The Chicago Syndicate: Brief History of the Mafia

Montana West World

Montana West World

Saturday, November 10, 2007

Brief History of the Mafia

Half the guys I know can't remember anything that happened before lunch, and worse, they have no idea about their roots. They think that anyone over 50 is a dinosaur and lived in a different world. It was a different world for the older generation, but the rules of the game haven't changed much. Anyone who wants to take charge needs to understand the history of the mafia; otherwise he'll end up making the same mistakes and looking like twice the stronzo for his ignorance.

Wise guys didn't just spring out of the earth. Guys who practice the trade today are only the latest of a long tradition, and they offer the same primary service that the first guys did back in the middle ages: Protection from the real criminals -- the government. The men who started this racket didn't open up a strip club and kick their feet up. They were regular Sicilians who saw their country falling into disarray and decided that they weren't going to allow that to happen without having something to say about it.

Roots in Palermo and SicilyCharles Tyrwhitt
Sicily and Palermo became the cradle of the Mafia. They were outlaws then as much as they are today, but in Palermo their means of making money differed from modern times. Rather than run drugs or guns, they borrowed other people's cattle and stood guard over property -- unglamorous property, like lemon orchards. Not exactly the bling we think of in 2007. The point of it all was to help the weak persevere over the strong, to form a group that had greater loyalty than that of the godless state that threatened the little man and even the wealthy.

In the 1700s, the Sicilian Mafia delivered images of a "Black Hand" to families, which might be thought of as an invoice for continued protection. Households that received the Black Hand either had to pay a tax for continued protection against invaders or they themselves became enemies of the Mafia.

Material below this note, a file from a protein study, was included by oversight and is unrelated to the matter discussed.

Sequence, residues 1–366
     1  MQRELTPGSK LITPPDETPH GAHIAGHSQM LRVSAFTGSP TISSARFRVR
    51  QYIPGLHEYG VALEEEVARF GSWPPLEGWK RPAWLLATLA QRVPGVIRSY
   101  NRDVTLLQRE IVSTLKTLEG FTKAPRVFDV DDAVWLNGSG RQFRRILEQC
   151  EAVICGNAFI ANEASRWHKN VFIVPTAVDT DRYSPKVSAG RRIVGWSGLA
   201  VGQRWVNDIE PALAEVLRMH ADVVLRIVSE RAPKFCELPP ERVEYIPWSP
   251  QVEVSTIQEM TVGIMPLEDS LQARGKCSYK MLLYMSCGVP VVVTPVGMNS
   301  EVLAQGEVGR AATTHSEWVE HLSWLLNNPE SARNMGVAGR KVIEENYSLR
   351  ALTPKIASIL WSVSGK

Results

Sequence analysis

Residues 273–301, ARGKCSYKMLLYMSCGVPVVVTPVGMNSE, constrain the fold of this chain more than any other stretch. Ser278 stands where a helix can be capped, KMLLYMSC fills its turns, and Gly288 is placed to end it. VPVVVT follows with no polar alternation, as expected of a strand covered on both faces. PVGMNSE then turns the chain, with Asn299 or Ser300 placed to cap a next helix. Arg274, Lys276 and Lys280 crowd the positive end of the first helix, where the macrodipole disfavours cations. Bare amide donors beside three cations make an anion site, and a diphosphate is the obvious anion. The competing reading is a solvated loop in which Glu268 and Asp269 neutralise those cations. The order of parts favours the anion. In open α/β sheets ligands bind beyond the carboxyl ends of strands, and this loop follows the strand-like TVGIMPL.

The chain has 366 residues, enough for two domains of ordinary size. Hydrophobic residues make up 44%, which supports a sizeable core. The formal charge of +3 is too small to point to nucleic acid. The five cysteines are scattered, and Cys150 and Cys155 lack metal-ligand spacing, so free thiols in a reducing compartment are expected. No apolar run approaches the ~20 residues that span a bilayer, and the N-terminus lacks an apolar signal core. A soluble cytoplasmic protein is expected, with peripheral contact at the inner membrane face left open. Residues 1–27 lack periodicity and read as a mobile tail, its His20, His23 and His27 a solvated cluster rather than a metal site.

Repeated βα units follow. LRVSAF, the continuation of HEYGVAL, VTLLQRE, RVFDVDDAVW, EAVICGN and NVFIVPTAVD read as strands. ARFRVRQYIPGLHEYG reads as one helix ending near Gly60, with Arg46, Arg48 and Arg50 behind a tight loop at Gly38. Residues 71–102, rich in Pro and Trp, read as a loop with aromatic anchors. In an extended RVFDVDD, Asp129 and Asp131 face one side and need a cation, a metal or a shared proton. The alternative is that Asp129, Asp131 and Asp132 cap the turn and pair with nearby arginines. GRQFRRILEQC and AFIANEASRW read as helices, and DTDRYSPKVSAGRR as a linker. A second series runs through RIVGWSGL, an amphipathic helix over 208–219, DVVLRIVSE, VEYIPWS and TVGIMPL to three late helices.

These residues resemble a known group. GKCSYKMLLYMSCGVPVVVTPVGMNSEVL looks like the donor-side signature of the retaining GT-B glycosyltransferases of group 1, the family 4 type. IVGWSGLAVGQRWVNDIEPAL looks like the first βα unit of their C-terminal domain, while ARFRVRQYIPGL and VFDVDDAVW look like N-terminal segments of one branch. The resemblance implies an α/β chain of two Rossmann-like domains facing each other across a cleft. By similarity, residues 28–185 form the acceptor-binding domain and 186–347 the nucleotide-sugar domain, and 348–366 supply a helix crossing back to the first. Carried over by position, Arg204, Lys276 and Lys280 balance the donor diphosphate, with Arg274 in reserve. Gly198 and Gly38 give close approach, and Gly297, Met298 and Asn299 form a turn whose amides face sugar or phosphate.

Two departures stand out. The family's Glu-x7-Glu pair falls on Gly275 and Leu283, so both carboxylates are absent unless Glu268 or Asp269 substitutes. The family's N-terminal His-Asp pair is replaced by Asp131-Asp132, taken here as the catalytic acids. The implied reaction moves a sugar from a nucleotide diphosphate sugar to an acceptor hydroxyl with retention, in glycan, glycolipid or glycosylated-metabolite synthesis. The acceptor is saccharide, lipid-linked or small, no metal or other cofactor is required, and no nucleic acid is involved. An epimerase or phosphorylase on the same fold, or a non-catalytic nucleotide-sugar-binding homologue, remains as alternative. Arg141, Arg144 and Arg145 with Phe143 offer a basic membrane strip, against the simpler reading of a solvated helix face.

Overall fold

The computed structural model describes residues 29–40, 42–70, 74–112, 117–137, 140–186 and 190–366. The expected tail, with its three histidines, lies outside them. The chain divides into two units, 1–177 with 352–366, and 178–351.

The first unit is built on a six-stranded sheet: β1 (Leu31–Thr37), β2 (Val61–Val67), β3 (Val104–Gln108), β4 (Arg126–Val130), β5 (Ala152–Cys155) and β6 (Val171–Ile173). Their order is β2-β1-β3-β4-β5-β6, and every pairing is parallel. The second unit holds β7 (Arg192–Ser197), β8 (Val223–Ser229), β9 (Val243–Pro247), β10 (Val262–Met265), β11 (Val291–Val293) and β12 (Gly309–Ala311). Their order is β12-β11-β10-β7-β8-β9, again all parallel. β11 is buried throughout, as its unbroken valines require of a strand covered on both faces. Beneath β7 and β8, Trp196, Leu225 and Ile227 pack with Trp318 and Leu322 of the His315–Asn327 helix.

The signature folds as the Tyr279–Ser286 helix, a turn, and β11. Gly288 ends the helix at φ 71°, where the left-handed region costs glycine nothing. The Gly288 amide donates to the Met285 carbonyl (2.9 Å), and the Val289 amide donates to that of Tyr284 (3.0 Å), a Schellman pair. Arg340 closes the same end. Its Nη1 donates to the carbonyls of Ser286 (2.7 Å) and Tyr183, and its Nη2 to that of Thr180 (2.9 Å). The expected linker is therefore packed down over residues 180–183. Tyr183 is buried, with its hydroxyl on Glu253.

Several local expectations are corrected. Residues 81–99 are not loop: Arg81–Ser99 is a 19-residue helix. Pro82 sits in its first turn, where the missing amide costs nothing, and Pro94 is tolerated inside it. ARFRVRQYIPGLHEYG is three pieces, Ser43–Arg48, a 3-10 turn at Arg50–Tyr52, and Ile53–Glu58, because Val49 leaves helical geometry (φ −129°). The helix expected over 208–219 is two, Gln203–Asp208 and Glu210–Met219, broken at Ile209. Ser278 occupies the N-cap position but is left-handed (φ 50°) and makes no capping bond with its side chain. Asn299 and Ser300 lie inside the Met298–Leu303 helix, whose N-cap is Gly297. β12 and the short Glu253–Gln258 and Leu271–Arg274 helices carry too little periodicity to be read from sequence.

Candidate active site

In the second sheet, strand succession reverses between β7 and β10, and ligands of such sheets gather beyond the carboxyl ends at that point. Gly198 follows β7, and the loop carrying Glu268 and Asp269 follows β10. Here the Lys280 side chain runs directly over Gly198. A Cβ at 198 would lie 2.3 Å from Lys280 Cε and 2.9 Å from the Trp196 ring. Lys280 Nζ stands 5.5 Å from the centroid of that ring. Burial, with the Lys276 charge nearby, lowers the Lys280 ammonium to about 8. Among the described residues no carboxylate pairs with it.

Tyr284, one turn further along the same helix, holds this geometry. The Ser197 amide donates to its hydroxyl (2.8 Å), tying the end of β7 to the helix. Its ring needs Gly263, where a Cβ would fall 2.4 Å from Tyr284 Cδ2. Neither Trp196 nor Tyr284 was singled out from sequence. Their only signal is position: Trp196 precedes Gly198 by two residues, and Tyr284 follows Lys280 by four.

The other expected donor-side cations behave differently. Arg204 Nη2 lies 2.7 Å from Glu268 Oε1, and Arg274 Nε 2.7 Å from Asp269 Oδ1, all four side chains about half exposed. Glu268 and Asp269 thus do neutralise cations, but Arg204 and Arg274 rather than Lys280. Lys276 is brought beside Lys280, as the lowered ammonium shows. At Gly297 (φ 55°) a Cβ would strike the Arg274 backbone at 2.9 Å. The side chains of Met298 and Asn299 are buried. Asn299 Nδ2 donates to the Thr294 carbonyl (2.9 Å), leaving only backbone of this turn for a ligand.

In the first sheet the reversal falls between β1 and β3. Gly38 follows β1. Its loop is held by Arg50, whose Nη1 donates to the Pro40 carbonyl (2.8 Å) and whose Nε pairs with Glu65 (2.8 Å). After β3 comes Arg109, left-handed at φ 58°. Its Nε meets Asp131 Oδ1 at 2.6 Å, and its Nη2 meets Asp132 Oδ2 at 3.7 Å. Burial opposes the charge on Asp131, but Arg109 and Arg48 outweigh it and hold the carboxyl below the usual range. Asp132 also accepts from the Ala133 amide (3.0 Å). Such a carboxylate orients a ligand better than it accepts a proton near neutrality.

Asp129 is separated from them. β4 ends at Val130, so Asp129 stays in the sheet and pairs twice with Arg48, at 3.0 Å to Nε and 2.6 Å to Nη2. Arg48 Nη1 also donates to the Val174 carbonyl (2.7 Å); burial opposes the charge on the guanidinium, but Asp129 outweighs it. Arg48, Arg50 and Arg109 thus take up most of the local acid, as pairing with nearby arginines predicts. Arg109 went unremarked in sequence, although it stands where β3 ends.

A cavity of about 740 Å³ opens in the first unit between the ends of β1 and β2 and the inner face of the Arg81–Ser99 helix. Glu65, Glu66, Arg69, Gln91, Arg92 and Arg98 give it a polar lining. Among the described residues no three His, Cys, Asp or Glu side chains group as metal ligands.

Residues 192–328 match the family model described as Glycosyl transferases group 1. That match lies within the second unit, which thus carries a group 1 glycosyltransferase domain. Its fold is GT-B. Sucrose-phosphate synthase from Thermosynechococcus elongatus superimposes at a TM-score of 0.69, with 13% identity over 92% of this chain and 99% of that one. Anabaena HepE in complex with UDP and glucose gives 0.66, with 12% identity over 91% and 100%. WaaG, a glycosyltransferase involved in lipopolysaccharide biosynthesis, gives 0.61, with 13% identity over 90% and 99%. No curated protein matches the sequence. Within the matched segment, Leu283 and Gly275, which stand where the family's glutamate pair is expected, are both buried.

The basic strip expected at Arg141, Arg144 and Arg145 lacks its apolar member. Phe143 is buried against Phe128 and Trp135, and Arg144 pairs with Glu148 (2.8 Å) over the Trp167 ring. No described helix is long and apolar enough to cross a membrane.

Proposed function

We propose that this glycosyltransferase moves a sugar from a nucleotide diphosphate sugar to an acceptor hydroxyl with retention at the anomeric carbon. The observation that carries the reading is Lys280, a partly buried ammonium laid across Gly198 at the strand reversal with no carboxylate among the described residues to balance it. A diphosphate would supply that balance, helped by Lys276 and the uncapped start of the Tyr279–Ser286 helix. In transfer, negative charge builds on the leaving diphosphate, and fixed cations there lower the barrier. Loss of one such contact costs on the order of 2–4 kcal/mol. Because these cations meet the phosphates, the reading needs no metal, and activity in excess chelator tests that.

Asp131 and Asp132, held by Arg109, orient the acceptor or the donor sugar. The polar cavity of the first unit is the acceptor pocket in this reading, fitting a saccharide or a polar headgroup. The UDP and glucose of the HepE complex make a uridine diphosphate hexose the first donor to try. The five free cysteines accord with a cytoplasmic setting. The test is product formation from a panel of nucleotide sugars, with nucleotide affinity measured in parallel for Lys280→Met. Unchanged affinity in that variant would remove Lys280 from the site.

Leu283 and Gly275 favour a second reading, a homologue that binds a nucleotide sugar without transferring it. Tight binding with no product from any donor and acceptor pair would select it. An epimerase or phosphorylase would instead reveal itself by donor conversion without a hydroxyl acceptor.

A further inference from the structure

Ranks and religion
In Italy they invented the rules, the initiation rights and the methods of doing business that still work today. They knew how to toe the line and follow the orders of their bosses. The Cosa Nostra has maintained its ranks for several hundred years, but it wasn't until the 19th century that they became a force within greater Italy and the United States.

They kept their religion close to them as well. The Sicilians in particular remained more faithful to the Pope, rejecting the new order of Italy, the government power that put the church in a secondary role. Because the nation posed a threat to the common people, the early Mafia turned their focus to the church as their common bond and rallying point.

Working in the cracks
The weaknesses and failures of the powers-that-be always provide cracks for motivated men to score some dough. After the formation of Italy, the outlaws quickly became organized and started staking out territory. The corruption in the Italian government officials aided the Mafia in getting a foothold in power, since bribes and threats managed to turn the loyalty of many lowly-paid bureaucrats away from their state job. Compared to wise guys in the United States, the Italian Mafia took a more active approach to changing government to work in their favor -- and they still do this today, always jumping into the cleavage of the government to get a handful.

Expanding the business
Hard times can lead to new opportunities. The Italian-American immigrants saw great opportunity in the new world for making money, particularly through prostitution, gambling and alcohol. The Mafia set up shop in every American city and started plying the trade of the old world.